What is that white stuff on the top of my candle?

What is that white stuff on the top of my candle?

Candles and wax melts are loved by everyone and enjoyed wordwide thanks to the delightful aroma and beautiful aesthetic effect created by them.

Candle-making is equally enjoyable thanks to the creative and artistic options available through the making process.

Thanks to the rise in love for candles and melts, we have a vast number of options available when it comes to making or purchasing them. Consider alone the many types of wax, wicks, dyes, scents and containers.

When I first started my candle-making journey, I wanted to find products that produced good smelling and aesthetically beautiful candles but I also wanted to offer a safe, non-toxic and environmentally friendly product.

After extensive research and experimentation, I landed on Soy wax. It far outweighed the other options for these reasons but did not come without its challenges.

Soy candles

Soy candles won my affection for the following reasons

    • Natural soy wax is an extracted and processed form of soybeans. It provides the perfect balance between ease of use and consistent results.
    • Non-toxic as it does not release any carcinogens so it ensures no health hazards.
    • It produces 90% less soot compared to others as it burns cleaner. Ever experience candle soot on your walls or curtains? Not pretty. 
    • Less indoor pollution. 
    • Burns slower thus lasts 50% longer as compared to other competitors.

    So what’s not to love and just what is that ‘white stuff’ I see sometimes on top or sides of my soy candles?

    Despite soy being the ideal selection for environmental and health reasons it also comes with some aesthetic problems like lumpy tops, wet spots, holes by the wick, frosting and hollowing or sinking. Yikes!

    I’m pleased to say that the vast majority of these issues can be fixed during the candle making process by experienced candle makers, However, there is one of these issues that can plague all soy wax candle makers and that is what’s called ‘frosting’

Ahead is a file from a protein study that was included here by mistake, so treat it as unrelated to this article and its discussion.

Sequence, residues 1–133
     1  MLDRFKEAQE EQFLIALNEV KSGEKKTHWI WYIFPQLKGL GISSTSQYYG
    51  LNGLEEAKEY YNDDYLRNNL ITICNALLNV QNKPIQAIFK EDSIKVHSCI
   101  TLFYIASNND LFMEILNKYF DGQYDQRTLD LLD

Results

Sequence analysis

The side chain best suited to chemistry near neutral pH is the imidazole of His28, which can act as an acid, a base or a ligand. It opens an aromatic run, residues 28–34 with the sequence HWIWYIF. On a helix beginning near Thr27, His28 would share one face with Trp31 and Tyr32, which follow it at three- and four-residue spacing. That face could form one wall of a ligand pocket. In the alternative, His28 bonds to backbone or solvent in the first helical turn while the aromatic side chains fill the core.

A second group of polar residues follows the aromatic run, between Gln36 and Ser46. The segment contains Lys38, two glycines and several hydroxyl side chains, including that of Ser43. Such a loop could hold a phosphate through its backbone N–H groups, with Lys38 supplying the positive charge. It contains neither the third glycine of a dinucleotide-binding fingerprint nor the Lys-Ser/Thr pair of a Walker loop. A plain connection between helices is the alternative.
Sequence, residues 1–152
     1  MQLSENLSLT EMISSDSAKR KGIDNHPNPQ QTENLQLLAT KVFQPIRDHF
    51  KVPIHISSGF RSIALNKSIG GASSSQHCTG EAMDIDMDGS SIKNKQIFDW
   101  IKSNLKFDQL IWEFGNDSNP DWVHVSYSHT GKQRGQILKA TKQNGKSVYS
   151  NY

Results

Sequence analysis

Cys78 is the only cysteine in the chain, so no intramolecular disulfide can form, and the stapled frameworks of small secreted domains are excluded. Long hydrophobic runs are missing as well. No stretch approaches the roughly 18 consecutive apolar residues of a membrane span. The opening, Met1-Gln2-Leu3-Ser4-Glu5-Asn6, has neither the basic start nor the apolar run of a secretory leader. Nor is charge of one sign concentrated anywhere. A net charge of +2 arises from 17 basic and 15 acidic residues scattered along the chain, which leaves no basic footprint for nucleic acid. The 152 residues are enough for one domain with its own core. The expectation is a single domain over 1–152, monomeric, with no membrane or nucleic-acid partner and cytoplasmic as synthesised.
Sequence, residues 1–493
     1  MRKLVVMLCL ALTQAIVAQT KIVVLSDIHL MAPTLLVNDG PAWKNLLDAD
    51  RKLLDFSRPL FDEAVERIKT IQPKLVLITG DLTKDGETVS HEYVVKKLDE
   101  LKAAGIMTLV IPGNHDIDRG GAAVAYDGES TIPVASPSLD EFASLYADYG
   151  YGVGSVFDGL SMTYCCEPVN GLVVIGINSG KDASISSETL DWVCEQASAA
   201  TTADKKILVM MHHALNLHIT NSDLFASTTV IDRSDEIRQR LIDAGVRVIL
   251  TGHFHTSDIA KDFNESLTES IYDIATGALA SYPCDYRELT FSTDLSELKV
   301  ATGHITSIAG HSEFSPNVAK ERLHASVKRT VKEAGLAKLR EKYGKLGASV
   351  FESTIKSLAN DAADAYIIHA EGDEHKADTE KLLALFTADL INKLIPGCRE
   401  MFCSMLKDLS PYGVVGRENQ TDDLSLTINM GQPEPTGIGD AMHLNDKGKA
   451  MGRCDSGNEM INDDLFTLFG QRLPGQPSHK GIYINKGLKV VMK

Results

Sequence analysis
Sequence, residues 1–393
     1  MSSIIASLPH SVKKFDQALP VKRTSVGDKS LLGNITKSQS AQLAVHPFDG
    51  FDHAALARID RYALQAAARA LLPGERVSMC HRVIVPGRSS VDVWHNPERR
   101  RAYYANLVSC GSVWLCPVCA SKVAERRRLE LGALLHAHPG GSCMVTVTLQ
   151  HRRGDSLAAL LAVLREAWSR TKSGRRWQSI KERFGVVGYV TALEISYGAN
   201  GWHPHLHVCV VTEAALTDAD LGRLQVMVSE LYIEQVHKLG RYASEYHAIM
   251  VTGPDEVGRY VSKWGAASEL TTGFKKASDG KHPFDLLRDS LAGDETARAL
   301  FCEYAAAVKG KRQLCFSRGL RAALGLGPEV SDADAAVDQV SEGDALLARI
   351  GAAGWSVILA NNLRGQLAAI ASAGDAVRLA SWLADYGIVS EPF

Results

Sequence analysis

Frosting is the unique and natural by-product of natural vegetable waxes, especially soy, due to polymorphism triggers created by temperature fluctuations. It is considered the trait of 100% soy wax and changes the color of soya candle to white or causes the appearance of white spots while cooling.

    The texture and moisture content of the wax changes at high temperatures. This change in the state of wax is the main reason behind white spots or frosting of soy wax. This white coating is either around the slides or on the top of wax giving, what some consider, an unpleasant appearance.

    Studies have shown that over time, most of the soy wax candles and melts undergo frosting to some extent. The size of crystals and their appearance varies as the smaller crystals give a shiny appearance while the larger crystals appear grainy. However, frosting is more prominent in the case of colored candles and melts. This is the primary reason I only color my melts and not my candles, and begrudgingly so.

    With all of this said, it’s important to remember, frosting is actually a unique and natural effect of using vegetable waxes, especially soy. The wax is trying to return back to its natural form and as a result it begins to crystallize. It doesn't affect the performance of the candle in any way and also means your wax is 100% natural.

    So now you know what ‘that white stuff is’ that occasionally shows up on your melts! The easiest way for me to avoid frosting on my melts, while still committing to soy wax, would be to leave the wax in its natural color. If you prefer your melts without the appearance of frosting, be sure to let me know you’d prefer no coloring!

    Candle making is an art, and like all arts, keeps the artist on our toes as we seek to offer the best quality, best looking and longest lasting product we can. I’m thankful you’ve joined me in this process! Now….back to making more candles and melts!



    Back to blog

    Leave a comment

    Please note, comments need to be approved before they are published.